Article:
Joey McGee is a singer-songwriter with a sound like a mixing pot. His self-titled “folk rock groove” sound fuses gospel, jazz, and blues influences into a unique blend that shouts to be heard. Mostly performing in and around Bryan,TX, it’s easy to forget McGee’s New Orleans roots. McGee strives to bring “Cajun spice” to Texas through his rhythmic music–and does not disappoint. Lately, McGee has been experimenting withhis sound. His latest studio project, Terlingua Taproot, hints at Southern country influences and a different vibe compared to his earlier works. We sat down with McGee to discuss his musical influences, evolving sound, and personal journey along the way.
MW: What artists or inspirations have helped shape the sound of your music?
JM: Good question! My influences are constantly changing, the
music I wrote a few years ago is pretty different from what I’m writing today. Currently I’m exploring a raw sound –dirty, Southern, and real–and I’m drawn to stuff from Gary Clark Jr., alt-country music from the 90s – (think Whiskeytown, Driveby Truckers), and I’m digging
songwriters like Jason Isbell, Chris Stapleton, and a bit of Lydia Loveless. There’s a lot
that goes into the mix!
MW: So you’re a New Orleans-native, but what brought you to the Brazos Valley?
JM: It was the invitation from my buddyof mine, Adam Saenz. My wife and I were visiting the Brazos Valley in 2007 and he said something like, “You guys should think about moving to Bryan. It’s a cool little town.” He didn’ t know it at the time, but I’d been contemplating moving back south. Prior to that, I’d been living in Pittsburgh. I moved there after living in San Antonio (left NOLA and moved there after high school), and I thought I’d only be in Pennsylvania for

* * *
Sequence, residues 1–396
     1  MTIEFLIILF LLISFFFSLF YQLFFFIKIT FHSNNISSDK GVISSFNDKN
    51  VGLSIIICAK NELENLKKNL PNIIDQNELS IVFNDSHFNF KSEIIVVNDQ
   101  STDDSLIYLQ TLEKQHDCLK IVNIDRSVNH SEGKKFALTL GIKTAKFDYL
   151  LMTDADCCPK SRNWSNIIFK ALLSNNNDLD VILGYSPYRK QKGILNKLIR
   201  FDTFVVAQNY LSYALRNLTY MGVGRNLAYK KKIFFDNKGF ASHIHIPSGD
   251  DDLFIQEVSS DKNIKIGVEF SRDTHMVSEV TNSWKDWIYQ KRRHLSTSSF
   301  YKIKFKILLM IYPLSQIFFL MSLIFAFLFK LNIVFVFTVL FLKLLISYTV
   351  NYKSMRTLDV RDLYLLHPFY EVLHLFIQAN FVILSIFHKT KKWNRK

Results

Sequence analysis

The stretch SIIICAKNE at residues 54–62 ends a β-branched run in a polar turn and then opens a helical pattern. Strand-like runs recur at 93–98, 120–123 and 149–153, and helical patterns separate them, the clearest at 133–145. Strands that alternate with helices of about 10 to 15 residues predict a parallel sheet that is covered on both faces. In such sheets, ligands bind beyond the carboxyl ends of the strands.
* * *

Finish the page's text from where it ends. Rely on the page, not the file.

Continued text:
a couple of years. Hah! Life has its twists and turns! More than 15 years later, I was quite ready
to get back south. Pittsburgh is a cool town, but they don’t have breakfast tacos and abundant sunshine! It’s good to be back in Texas!
MW: Where are you getting inspiration for your latest studio project, Terlingua Taproot?
JM: The spark of inspiration stems from conversations I’ve had with my friend Todd Anguspaul Reynolds. He’s a brassy rancher and painter who owns a place north of Caldwell named Terlingua. During one of my visits there, he challenged a body of work of mine–I think the words “that sucks” were used–and it jarred something in me. It helped me to realize I had been coasting and not really tapping into the emotions and inspirations of why I write and perform music. Sometimes we need a good splash of cold water to help us wake up from our lethargy!
Anyway, those visits to Terlingua (and conversations I’ve had with other creatives) have
helped me to tap back into the rootedness of who I am–a Southern, Creole-Cajun musician dude working through my hang ups and trying to make the world a better place along the way. These songs are a good reflection of where I am in life: they feel like rich, warm, black earth in your hands–it’s a bit smelly and messy–but filled with lots of goodness! I think folks will resonate with that.
Joey McGee will be performing live on February 12 at New Republic Brewery in College